Roaring Abstraction – An Introduction To Basil KirchinTweet
By Jim Slade
Impossible to categorize or pigeonhole, Basil Kirchin (1927-2005), the elusive polymath of Britain’s musical history, left a rich legacy of melodic titbits that branches out across genre and context. Motivated by the recently released ”Basil Kirchin Is My Friend” record and following a spate of concerts, radio programmes and articles, there is new found attention garnering on this British composer. Who is this bushy bearded fellow who throughout a lifelong musical career played drums in the country’s busiest touring Big Band of the postwar era before morphing into the composer du jour of the best cult film soundtracks of the 1960’s? Balancing commercial success with experimental work, he seamlessly blended tape loops with the frenzied playing of free jazz too and yet, as his back catalogue would attest, Basil Kirchin has a sonic signature that is utterly unique.
Basil Kirchin died in 2005 and has since been championed tirelessly by Johnny Trunk of Trunk Records. Trunk, somewhat the king of quirk on the UK label scene, has released several releases of Kirchin’s work over the years, including the much lauded ”Quantum” and ”Abstractions of the Industrial North”, along with film scores such as ”Primitive London” and ”Dr Phibes”. This body of work has gradually built a solid following, warranting a festival celebrating Kirchin earlier this year attracting collaborators such as Goldfrapp/Moog Ensemble head whip Will Gregory. Brian Eno was heavily quoted in an article for The Guardian earlier this year, where he cast praise and not-undue accolades upon Kirchin as an unsung pioneer of ambient music.
This latest record to be released by Trunk Records, a sampler as such and tribute to Kirchin’s vast spectrum of music, is a brilliantly inclusive insight into this composer. ”Basil Kirchin Is My Friend” explores previously released work and newly found recordings alike. Opening with snippets of conversation between Trunk and Kirchin in his kitchen, it alludes to a much more personal relationship between the two men than the standard dynamic between a label boss and an artist.
Kirchin’s discography contains a number of records that are worth digging into. ”Primitive London” (1965) is the original soundtrack from the feature length documentary of the same name, a detailed insight into the social fabric of the metropolis. Strangely melancholic melodies coupled with sleazy imagery of women practising a striptease routine are strangely at odds with each other and Kirchin’s music portrays an underlying sadness to a superficially cheery film. Something to note perhaps, is that the melody from ”Primitive London” shares the same tones and phrasing as that of the theme from ”Taxi Driver”, which was released seven years later…
”Quantum” (2003) is without doubt the most exciting, challenging and downright remarkable piece in Kirchin’s body of work. It stands out because of its compositional approach, its recording techniques and the ideas which it puts forward. It was made in the beginning of the 1970’s – at the same time as the two albums called ”Worlds Within Worlds” – and it introduces a new musical language and the concept of sound within sound. The piece blends tape recordings of birds and insects with the free improvisations of Britain’s most celebrated musicians, Evan Parker, Kenny Wheeler, Graham Lyons and Darryl Runswick. This is combined with the vocal recordings of Kirchin’s wife, Esther, and those of Swiss autistic children living in the village of Schurmatt along with the sounds of a Zurich tram slowed down to reveal incredible harmonics. The combination of these elements is striking, emotionally wrenching and truly brilliant and for the fact it was recorded in 1971, I would add that it offers truly groundbreaking listening for those interested in the development of ambient music.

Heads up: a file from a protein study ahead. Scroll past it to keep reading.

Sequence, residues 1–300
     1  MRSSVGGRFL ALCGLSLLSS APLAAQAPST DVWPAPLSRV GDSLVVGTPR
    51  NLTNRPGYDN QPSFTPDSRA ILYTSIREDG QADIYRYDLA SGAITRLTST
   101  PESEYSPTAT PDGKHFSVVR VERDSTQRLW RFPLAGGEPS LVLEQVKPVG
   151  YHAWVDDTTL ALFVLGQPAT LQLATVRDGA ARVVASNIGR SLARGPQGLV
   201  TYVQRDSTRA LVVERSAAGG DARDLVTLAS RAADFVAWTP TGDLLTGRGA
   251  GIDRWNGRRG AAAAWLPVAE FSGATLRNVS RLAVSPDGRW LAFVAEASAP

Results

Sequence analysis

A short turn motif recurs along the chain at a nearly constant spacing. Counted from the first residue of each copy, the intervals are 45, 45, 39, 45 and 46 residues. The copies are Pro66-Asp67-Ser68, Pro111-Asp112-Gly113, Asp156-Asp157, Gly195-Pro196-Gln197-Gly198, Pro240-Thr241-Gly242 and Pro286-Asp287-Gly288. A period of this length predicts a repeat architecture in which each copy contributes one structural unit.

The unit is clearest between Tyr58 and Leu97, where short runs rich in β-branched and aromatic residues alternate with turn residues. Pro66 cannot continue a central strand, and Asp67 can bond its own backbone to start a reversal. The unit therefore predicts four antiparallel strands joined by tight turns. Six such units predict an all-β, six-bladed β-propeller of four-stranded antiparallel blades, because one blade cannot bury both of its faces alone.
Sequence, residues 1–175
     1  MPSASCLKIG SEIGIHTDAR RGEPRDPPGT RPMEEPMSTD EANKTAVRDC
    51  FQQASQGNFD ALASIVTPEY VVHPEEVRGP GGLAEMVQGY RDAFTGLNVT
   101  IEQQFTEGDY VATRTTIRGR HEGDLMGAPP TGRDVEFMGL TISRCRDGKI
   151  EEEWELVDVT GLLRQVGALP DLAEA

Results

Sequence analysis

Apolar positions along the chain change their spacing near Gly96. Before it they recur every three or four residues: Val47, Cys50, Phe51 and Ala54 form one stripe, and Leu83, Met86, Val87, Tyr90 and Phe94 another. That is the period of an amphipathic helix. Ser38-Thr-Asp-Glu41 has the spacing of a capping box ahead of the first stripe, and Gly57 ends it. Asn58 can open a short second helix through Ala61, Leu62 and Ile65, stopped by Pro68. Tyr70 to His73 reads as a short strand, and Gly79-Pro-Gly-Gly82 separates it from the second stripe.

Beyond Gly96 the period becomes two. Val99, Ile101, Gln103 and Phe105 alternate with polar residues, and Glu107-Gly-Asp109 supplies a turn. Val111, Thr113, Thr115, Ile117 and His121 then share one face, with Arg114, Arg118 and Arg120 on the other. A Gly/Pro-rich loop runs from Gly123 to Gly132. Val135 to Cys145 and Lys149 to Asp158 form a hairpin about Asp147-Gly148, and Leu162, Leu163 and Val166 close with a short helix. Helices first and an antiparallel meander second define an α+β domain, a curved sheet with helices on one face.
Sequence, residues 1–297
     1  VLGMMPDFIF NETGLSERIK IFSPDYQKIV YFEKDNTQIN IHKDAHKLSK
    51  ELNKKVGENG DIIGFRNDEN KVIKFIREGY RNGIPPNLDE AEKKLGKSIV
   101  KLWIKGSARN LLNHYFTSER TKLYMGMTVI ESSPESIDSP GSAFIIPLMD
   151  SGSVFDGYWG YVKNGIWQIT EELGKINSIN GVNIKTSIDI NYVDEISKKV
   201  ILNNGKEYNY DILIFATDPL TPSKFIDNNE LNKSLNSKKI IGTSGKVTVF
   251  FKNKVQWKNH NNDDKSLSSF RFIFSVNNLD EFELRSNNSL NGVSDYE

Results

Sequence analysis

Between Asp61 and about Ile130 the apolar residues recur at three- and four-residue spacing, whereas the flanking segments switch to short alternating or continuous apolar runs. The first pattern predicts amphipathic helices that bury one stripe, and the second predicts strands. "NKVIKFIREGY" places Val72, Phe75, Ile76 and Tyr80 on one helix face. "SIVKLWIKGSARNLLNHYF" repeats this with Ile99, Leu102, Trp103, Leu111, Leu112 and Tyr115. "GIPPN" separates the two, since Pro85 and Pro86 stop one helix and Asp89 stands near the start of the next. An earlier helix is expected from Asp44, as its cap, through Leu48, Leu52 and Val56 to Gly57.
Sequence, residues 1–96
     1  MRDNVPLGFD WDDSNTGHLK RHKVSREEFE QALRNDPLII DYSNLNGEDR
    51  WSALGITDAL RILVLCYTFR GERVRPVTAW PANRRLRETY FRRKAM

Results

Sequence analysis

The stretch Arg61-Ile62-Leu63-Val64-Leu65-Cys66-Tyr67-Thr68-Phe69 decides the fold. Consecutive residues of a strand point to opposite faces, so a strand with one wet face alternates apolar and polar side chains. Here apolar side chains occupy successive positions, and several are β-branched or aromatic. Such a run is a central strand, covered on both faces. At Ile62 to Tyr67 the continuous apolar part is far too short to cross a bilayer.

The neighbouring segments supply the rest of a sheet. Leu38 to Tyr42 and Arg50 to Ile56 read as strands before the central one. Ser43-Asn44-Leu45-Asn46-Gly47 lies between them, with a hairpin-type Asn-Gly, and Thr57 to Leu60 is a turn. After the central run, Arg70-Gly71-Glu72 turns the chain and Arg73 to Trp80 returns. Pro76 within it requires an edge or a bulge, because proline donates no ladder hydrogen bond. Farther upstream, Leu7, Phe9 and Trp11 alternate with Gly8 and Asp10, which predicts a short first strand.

Trunk Records released this piece in 2003 as an original release, and its inclusion on ”Basil Kirchin Is My Friend” adds weight and depth and gives an insight into this brilliant composer’s mind. The liner notes of this release make for fascinating reading too.
Jumping to the very other end of the sonic spectrum we have the newly discovered “Silicone Chip” rounding off the musical offerings of the Kirchin sampler. A nugget of perfect electro funk celebrating the dawn of a new age, it was recorded in 1979 and is a massively uplifting, toe-tapping little number. It is a small banger in its own right, but after the weighty experiments of ”Quantum” and other such pieces it also highlights his writing dexterity.
This brilliant compilation of musical gems that Trunk Records has put together showcases and highlights an innovative and eccentric composer whose work straddles incredible sonic and genre-spanning breadth. Basil Kirchin’s musical output shines a light wherever he contributes his sonic touch, a light onto counter-cultures and unsung people, and does so in a way not to be derogatory. His music explores the communication we have with nature and our surroundings in a sensitive and inquisitive manner. Johnny Trunk is less convinced of this theory and says Kirchin was a fidget both mentally and physically and smoked a lot of grass.
Where we seem to agree, however, is that the composer lived in a closed world, both personally and musically, and his music reflects this in its uniqueness and timelessness. You should probably listen to some of it.
Info: ”Basil Kirchin Is My Friend” was released this year via Trunk Records. The label states on its website that more Kirchin releases are on their way.